By Michael Eagan
Designed by John Pennoyer / © John Pennoyer
John Pennoyer is a designer with a unique style, typified by his carefully observed and economical drawings. The NAC costume archive has a large selection of his designs and the association between the two goes back three decades.
Pennoyer grew up and attended schools in Montréal’s West Island and later in Prescott and Sarnia, Ontario. His post-secondary education was at McMaster University in Hamilton, where he completed his undergraduate degree in 1971. During this time Pennoyer admits to having been greatly influenced and impressed by Professor George Wallace, his drawing master who had come to McMaster from Trinity College in Dublin. Pennoyer credits Professor Wallace with having taught him to draw and remembers how he admonished his students to first “establish your darks” upon beginning a drawing, sounding wonderfully old school. Lessons well taken, it seems, for drawing is fundamental in Pennoyer’s designing, and his drawings are notable for their great sense of light and shade and their feel of barely-controlled abandon.
Pennoyer has employed a variety of media, but his later drawings are mostly executed in Prisma coloured pencils, often on a kind of tinted ingres paper, slightly ribbed so that it gives the drawings a particular texture, or “bite”. In some places he applies the medium to a dense, nearly enameled finish, and in others it is used sparingly so that the “tooth” of the paper comes through. This method is unusual, but it suits his desire for an ideal combination of drawing and painting and makes his drawings unique and instantly recognizable.
From McMaster University, John Pennoyer’s first theatre experience was in the prop shop at the Stratford Festival. He remained there for the next decade in various capacities, serving a valuable apprenticeship with Daphne Dare, the British designer who had come to Canada to work with Robin Phillips, the artistic director at that time. After a period of assisting, Pennoyer began his first important work as a designer, and his career was launched. In 1975 he designed for a season at the McArthur Theatre in Princeton, New Jersey, and did his first designs for the NAC, for Phillips’ production of Hamlet in the 1975/1976 season. There followed a large body of work at the National Arts Centre, including Wild Oats (1981) and Noises Off (1986) with Derek Goldby, Agnes of God (1986), Hay Fever (1987), Beautiful Deeds/De beaux gestes (1987), Sinners (1988), Master Class (1997), and The Taming of the Shrew (1997) with Denise Coffey.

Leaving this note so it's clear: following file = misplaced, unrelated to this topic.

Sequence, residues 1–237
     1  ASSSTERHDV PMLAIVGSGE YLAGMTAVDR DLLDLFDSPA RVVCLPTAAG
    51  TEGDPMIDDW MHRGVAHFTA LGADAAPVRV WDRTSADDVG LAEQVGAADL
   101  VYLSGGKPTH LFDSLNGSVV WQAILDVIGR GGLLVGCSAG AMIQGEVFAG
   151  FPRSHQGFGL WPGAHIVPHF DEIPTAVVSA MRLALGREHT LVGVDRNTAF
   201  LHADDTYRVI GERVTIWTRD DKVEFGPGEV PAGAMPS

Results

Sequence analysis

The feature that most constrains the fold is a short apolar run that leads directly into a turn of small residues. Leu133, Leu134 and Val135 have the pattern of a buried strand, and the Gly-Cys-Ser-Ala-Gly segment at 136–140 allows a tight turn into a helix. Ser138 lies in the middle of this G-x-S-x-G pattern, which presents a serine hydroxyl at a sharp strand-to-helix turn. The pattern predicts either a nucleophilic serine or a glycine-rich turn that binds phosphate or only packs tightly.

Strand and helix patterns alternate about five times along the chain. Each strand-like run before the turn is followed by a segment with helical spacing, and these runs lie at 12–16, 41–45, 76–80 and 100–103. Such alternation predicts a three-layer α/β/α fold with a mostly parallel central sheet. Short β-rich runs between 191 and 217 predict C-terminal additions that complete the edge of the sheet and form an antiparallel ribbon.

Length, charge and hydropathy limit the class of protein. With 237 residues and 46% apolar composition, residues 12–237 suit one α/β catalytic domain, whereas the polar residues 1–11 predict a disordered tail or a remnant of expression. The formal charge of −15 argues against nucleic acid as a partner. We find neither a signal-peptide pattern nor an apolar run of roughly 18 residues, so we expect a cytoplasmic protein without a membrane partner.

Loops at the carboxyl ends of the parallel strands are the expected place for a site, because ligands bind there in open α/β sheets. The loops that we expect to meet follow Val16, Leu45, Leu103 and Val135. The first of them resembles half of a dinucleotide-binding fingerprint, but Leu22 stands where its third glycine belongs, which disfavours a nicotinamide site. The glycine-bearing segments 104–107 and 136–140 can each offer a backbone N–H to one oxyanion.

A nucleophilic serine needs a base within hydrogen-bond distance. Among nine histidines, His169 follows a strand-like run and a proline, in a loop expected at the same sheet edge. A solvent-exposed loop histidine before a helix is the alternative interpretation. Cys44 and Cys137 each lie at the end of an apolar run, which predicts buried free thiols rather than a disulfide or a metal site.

Pennoyer lived and worked in Lennox, Massachusetts from 1991 until 1997 designing for Kristen Linklater and Tina Packer, the celebrated American directors of Shakespeare who together ran Shakespeare & Company producing a summer season of Shakespearean plays. Valued for his experience and facility with that particular repertoire, Pennoyer spent a significant period as resident costume designer for their productions, which were presented in the beautiful and idyllic setting of The Mount: the grounds and gardens of the Edith Wharton estate.
More recently John Pennoyer has designed a series of productions for Marti Maraden, artistic director of NAC English Theatre from 1997 until 2006, and a veteran actor and director at the Stratford Festival. Their output was large and varied: everything from A Man for All Seasons (1998) to Travels With my Aunt (1999), and An Enemy of the People (2000). But, it is their successful collaborations on Shakespearean plays that distinguish this period in Pennoyer’s career. Both director and designer had a great deal of experience with these plays and together focused the depth of their knowledge in a number of productions that were memorable for their clarity and style. With Maraden as director, Pennoyer designed All’s Well That Ends Well (2001), Twelfth Night (2001), Hamlet (2004) – his second design for this play – and Love’s Labours Lost (2005).
John Pennoyer is best known as a costume designer but he often designs sets as well. Among his most significant scenoraphic works is the version of the original Tanya Moiseiwitsch design or the thrust stage at the Stratford Festival that he reinterpreted for the stage of the NAC Theatre, with its semi-circular apron. An idea that had originated in the 1960s was finally realized, with the help of Simon Marsden, the theatre technician. Both Maraden and Pennoyer had acquired their Shakespearean chops at Stratford, and this “unit set” allowed them to stage the plays at the NAC Theatre in a format that has become familiar to Canadian audiences – not unlike the Elizabethan and Jacobean theatres of the English sixteenth century for which they had been written.
With a total of nineteen design credits for the NAC, the costume archive has a tangible record of his evolution as a theatre artist: evidence of John Pennoyer’s position in the front rank of Canadian theatre designers.